Business problems are business poison. They’re toxic. Not only do you have to spend resources dealing with them, but more importantly, you also have the opportunity cost(s) of what could have been accomplished with your business without these problems. These opportunity costs are so often overlooked at an incredible cost.
Of course, this is a familiar problem for Smart Dolphins as every IT problem has an opportunity cost. If a law firm with 10 lawyers has a server fail and they are only able to work at 50% capacity for two days, the costs associated with the IT Provider’s products and services to fix the problem are probably insignificant compared to 10 lawyers losing three billable hours (assumption is 6 billable hours per day is the lawyers’ normal capacity) at $150 per hour for two days (opportunity cost = $9,000).
Of course, the more common and much worse situation is having many small, frequent problems, over a longer period of time. If those same 10 lawyers spend a year working at 95% because of a bunch of small, ongoing problems, the opportunity cost adds up to over $100,000 (go ahead, check my math). However, often no single problem is big enough to cause anyone to look to change the situation. This waste is just the norm and it is accepted.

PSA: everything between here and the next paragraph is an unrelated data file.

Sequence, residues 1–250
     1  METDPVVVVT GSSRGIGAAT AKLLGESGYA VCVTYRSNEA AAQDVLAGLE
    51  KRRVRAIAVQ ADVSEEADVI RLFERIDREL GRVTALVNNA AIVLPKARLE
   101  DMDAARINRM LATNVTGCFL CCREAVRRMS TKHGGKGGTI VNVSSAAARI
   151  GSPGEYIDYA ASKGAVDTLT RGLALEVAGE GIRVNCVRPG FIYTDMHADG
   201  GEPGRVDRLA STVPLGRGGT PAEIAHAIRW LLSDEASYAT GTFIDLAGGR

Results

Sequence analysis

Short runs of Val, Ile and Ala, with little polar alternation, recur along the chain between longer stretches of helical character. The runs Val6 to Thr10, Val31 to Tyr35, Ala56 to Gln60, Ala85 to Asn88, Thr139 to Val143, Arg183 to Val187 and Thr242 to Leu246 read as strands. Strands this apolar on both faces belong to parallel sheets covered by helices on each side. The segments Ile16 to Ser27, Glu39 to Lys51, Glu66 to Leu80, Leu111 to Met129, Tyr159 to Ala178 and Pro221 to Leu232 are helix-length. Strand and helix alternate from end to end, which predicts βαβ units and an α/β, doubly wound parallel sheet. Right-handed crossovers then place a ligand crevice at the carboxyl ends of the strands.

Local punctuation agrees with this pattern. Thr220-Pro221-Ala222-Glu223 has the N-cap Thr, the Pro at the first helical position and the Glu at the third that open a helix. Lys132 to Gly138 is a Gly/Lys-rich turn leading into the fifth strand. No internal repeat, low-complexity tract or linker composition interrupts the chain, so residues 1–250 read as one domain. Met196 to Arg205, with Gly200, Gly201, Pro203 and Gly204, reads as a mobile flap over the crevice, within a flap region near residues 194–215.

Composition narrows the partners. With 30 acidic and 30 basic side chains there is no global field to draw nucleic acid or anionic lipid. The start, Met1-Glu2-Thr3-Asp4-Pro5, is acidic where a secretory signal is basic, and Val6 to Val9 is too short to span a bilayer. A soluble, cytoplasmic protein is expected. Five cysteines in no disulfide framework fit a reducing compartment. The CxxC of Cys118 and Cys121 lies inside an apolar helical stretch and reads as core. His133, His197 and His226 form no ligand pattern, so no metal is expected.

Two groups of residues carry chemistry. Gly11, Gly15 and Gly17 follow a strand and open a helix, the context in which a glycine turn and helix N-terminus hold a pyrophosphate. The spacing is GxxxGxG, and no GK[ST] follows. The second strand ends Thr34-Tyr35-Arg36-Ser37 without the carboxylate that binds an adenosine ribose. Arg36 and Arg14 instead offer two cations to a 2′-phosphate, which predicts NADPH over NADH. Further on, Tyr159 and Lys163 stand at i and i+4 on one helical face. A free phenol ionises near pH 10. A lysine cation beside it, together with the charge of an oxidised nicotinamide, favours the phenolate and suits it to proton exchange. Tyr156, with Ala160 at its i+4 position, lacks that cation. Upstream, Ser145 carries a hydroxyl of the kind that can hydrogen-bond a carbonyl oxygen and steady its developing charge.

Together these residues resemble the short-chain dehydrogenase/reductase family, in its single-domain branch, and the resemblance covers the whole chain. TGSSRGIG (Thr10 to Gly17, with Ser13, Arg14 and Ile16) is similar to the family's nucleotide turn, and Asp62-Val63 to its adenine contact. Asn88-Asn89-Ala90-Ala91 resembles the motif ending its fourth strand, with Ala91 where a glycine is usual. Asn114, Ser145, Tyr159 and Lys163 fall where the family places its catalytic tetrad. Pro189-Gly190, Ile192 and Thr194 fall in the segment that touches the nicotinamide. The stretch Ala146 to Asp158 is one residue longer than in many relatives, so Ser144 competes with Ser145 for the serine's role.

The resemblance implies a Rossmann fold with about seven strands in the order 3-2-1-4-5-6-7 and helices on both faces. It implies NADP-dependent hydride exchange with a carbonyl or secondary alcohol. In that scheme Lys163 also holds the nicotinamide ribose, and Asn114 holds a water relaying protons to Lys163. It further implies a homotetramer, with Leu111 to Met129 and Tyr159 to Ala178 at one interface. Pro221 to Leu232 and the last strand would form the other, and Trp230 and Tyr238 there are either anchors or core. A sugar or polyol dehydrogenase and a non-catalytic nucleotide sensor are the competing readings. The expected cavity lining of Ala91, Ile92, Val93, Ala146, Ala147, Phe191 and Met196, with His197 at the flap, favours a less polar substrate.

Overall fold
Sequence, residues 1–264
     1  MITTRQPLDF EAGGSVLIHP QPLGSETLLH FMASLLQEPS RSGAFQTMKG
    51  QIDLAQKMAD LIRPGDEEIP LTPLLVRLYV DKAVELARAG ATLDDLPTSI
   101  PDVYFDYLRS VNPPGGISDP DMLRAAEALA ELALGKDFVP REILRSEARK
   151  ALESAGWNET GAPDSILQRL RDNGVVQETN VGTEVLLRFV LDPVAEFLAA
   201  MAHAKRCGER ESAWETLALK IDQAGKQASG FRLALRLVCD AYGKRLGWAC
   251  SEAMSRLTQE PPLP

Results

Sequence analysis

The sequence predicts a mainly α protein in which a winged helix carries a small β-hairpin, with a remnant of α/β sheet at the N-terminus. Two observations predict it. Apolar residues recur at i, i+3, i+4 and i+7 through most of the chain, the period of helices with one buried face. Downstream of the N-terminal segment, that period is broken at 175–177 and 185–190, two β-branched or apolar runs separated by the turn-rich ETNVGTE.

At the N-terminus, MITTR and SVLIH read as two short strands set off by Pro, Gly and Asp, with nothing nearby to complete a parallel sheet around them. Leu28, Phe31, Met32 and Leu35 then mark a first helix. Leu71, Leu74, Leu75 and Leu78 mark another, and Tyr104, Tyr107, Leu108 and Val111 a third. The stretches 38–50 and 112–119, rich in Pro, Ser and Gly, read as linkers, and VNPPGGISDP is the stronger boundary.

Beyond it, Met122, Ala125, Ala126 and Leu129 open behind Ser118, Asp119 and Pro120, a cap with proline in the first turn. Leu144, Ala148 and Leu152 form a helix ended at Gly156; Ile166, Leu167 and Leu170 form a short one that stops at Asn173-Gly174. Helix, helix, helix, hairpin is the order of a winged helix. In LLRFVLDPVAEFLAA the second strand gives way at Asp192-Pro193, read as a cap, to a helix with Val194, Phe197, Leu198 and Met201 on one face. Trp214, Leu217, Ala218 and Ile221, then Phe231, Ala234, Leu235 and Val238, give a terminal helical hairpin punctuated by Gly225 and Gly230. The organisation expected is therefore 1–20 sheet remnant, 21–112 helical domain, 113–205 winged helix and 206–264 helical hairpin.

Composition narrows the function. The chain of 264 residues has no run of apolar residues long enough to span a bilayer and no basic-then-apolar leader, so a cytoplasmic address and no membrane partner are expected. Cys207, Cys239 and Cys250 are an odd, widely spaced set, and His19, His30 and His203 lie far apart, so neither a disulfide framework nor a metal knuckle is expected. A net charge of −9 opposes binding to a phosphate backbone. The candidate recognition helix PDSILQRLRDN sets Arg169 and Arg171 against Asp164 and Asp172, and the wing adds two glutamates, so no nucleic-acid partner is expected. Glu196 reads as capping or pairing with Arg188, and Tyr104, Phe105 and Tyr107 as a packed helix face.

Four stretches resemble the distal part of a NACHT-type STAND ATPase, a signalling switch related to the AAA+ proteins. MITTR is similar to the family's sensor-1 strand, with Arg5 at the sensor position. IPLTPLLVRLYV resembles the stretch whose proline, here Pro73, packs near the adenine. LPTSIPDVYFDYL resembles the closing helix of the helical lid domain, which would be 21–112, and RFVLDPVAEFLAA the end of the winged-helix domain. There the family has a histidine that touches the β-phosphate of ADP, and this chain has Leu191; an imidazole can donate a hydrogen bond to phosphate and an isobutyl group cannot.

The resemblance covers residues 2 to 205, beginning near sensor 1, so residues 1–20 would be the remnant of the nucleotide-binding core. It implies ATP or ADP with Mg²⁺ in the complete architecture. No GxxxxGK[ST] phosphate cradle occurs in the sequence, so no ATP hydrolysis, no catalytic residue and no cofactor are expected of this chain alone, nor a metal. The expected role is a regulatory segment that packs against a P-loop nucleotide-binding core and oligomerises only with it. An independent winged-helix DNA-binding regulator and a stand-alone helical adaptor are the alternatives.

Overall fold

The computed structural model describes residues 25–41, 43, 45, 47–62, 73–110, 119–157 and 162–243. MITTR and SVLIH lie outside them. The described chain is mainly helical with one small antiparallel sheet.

Too many business people think their IT costs are summarized nicely on the invoices of their IT service provider. This is just a subset of the overall costs that need to be considered. Similarly, too often Smart Dolphins has the opportunity to help a situation like the lawyer-example above. We convince the prospective client that we will indeed greatly improve this type of problem. There is little doubt of this once we get a chance to talk about how we do things differently. We can even walk through the math of their own situation.
They don’t make a change.
We charge more than their “current guy” and that is a really difficult pill to swallow. Not knowing the intricacies of what it takes to lower the overall IT costs for businesses, some decision makers feel we should be able to create a better result for the same price. Easy peasy. If it was easy, everyone would be doing it for cheap.
Regardless of the inputs required, wouldn’t you spend an extra $1 to save $10? The insidious business poison that exists is forgotten and that extra dollar is so very tangible. “But it’s a dollar more.”
No, it’s $9 less.